Seventeen percent of Israel’s population paid over three-fourths of the direct taxes in 2008, while about half fell beneath the income tax threshold, a report by the Finance Ministry’s State revenue administration revealed Sunday.
The report, which used data from 2008, the last year of complete available data, and modeled estimates for 2011 and 2012, found that the overall greatest contribution to the state’s direct tax revenues came from the second highest tax bracket, in which 6.4% of the population paid out 30.9% of the total.
Only a third as many people--1.8%--paid into the top top tax bracket, but the higher rate meant they represented 27.2% of the overall direct taxes collected. Fully 43.7% of the population fell into the lowest tax brackets of 10% or less, and represented a mere 2.4% of the tax revenue.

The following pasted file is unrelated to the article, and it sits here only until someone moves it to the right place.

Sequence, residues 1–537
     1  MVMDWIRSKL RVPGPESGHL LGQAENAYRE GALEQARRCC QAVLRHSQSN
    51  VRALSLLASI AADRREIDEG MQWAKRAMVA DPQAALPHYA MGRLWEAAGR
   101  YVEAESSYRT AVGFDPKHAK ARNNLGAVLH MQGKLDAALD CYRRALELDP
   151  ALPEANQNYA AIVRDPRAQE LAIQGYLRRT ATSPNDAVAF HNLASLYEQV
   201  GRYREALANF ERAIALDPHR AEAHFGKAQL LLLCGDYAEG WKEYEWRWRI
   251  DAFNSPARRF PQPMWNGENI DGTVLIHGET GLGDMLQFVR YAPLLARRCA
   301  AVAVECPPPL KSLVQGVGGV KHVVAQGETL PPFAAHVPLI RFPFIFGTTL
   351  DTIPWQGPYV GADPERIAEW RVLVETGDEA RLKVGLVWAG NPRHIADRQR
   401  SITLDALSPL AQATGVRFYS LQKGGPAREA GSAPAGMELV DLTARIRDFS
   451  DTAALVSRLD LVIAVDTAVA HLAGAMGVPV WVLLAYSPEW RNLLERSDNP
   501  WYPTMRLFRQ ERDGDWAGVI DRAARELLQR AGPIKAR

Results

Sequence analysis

The number of people who, due to the tax structure and various benefits given based on family status, fell below the income tax threshold was 52.2% in 2010, 49.7% in 2011, and 52.3% in 2012.
On average, Israelis paid 20.6% in direct taxes, 13.4% in income tax and 7.6% on Health and National Insurance taxes.